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Evaluation of a Mechanically Coupled Reaction–Diffusion Model for Macroscopic Brain Tumor Growth

  • Daniel AblerEmail author
  • Philippe Büchler
Conference paper
Part of the Lecture Notes in Bioengineering book series (LNBE)

Abstract

The macroscopic growth of brain tumors has been studied by means of different computational modeling approaches. Glioblastoma multiforme (GBM) is the most common malignant type and is commonly modeled as a reaction–diffusion type system, accounting for its invasive growth pattern. Purely biomechanical models have been proposed to represent the mass effect caused by the growing tumor, but only a few models consider mass effect and tissue invasion effects in a single 3D model. We report first results of a comparative study that evaluates the ability of a simple computational model to reproduce the shape of pathologies found in patients. GBM invasion into brain tissue and the mechanical interaction between tumor and healthy tissue components are simulated using the finite element method (FEM). Cell proliferation and invasion are modeled as a reaction–diffusion process; simulation of the mechanic interaction relies on a linear elastic material model. Both are coupled by relating the local increase in tumor cell concentration to the generation of isotropic strain in the corresponding tissue element. The model accounts for multiple brain regions with values for proliferation, isotropic diffusion, and mechanical properties derived from literature. Tumors were seeded at multiple locations in FEM models derived from publicly available human brain atlases. Simulation results for a given tumor volume were compared to patient images. Simulated tumors showed a more symmetric growth pattern compared to their real counterparts. Resulting levels of tumor invasiveness were in agreement with simulation parameters and tumor-induced pressures of realistic magnitude were found.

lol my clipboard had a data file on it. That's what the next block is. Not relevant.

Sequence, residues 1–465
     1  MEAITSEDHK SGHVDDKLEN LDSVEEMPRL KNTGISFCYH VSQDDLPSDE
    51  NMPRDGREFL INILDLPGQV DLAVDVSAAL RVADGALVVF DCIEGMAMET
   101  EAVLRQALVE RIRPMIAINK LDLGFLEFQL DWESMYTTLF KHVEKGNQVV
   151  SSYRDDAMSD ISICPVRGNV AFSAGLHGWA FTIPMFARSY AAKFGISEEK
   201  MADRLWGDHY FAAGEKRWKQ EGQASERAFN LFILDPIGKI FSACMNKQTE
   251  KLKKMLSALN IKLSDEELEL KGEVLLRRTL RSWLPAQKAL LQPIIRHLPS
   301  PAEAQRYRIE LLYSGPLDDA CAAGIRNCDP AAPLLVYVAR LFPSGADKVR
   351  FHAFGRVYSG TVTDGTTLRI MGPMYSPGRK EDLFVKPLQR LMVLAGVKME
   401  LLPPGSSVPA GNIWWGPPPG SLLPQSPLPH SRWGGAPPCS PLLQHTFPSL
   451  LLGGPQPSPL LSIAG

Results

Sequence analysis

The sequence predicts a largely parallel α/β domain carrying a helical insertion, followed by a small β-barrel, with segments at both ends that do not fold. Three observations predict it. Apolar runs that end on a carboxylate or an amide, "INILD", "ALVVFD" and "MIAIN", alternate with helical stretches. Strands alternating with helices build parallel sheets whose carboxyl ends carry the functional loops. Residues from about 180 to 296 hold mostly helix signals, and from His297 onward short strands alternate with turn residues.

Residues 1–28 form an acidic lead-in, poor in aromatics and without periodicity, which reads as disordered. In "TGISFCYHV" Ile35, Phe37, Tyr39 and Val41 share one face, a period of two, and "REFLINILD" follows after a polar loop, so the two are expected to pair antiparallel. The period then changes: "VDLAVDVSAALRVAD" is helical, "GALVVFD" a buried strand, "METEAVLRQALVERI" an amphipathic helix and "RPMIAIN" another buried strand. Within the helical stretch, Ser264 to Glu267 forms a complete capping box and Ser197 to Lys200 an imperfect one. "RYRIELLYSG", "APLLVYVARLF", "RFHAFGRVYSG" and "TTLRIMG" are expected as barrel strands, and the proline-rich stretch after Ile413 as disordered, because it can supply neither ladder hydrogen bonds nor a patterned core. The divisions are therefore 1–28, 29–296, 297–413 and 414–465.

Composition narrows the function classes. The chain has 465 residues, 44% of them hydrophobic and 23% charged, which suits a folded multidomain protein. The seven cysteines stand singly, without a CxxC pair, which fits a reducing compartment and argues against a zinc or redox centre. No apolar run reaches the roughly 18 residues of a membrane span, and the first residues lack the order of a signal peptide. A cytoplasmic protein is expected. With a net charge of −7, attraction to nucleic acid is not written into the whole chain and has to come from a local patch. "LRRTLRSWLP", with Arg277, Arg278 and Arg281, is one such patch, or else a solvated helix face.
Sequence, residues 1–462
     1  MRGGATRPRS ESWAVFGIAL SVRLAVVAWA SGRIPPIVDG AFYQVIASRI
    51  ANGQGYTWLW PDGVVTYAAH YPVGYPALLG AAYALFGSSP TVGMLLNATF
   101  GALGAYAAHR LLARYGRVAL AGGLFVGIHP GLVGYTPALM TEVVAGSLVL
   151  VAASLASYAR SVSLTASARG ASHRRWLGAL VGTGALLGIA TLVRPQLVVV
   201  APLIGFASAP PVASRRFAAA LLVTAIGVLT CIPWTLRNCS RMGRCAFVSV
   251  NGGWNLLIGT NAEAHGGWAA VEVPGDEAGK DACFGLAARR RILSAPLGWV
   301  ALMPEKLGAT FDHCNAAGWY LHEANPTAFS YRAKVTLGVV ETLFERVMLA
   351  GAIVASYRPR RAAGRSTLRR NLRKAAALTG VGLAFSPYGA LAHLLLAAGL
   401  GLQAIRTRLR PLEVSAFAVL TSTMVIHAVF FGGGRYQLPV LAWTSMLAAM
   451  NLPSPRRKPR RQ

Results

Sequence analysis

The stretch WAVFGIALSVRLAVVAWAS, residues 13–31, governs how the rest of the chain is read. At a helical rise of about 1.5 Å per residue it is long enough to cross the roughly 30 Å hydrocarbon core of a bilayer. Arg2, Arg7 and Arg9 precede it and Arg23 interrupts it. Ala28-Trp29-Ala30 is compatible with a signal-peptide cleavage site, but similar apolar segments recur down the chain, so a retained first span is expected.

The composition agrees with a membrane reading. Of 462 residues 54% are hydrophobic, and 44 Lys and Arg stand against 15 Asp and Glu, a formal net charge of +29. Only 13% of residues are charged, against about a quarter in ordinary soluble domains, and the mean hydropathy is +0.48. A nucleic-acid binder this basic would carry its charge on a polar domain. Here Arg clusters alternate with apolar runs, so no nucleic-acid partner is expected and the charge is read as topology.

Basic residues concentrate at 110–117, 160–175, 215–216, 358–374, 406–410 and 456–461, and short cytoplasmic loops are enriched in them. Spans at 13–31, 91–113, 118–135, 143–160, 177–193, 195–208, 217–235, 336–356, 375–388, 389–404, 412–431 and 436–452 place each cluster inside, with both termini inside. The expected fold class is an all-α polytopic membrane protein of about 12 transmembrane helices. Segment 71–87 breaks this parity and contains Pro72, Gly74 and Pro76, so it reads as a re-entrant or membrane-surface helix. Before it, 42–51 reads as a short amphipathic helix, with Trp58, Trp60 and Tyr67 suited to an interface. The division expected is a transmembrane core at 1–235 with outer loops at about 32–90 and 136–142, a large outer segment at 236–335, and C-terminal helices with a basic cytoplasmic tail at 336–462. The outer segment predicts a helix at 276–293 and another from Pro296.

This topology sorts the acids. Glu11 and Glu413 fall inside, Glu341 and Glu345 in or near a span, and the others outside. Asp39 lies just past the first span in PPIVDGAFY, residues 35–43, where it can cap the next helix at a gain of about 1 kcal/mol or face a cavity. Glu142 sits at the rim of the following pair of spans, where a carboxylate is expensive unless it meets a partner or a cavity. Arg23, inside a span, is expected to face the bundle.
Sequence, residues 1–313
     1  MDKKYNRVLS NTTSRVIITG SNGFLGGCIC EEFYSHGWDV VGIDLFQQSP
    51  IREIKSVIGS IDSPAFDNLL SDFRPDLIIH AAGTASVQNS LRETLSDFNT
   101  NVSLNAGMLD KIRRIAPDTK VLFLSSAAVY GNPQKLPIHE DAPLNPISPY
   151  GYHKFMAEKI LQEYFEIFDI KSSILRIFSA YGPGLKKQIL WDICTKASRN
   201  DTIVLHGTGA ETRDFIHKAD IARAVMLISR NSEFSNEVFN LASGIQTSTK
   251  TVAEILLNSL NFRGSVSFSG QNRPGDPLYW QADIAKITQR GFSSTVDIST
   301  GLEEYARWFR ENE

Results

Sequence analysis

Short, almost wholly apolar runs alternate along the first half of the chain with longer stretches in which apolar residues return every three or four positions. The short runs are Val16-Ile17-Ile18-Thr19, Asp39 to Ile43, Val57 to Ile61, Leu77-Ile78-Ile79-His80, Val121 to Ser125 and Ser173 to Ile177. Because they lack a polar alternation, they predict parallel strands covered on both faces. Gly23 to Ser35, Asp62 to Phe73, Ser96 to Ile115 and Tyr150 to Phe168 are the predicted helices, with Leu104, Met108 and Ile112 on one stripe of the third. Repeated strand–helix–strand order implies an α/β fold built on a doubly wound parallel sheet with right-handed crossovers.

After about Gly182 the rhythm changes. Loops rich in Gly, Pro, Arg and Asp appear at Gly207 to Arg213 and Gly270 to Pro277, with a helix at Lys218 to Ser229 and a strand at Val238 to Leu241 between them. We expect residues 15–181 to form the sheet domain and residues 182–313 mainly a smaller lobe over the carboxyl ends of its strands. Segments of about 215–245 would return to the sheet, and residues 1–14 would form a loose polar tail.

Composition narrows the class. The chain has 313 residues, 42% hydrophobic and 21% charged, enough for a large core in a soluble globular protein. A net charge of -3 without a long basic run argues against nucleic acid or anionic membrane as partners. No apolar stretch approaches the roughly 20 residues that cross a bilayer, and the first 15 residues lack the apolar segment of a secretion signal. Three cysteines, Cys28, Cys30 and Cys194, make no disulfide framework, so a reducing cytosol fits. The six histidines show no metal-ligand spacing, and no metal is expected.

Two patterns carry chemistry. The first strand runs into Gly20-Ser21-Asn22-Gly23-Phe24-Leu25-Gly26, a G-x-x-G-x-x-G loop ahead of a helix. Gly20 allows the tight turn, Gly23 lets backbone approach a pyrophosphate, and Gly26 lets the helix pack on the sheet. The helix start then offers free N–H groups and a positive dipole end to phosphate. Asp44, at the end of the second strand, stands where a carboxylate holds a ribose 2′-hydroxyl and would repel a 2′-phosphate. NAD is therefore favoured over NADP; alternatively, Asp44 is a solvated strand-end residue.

Notes

Acknowledgement

The research leading to these results has received funding from the European Union Seventh Framework Programme (FP7/2007-2013) under grant agreement n° 600841.

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Copyright information

© Springer International Publishing AG 2018

Authors and Affiliations

  1. 1.Institute for Surgical Technology and Biomechanics (ISTB)University of BernBernSwitzerland

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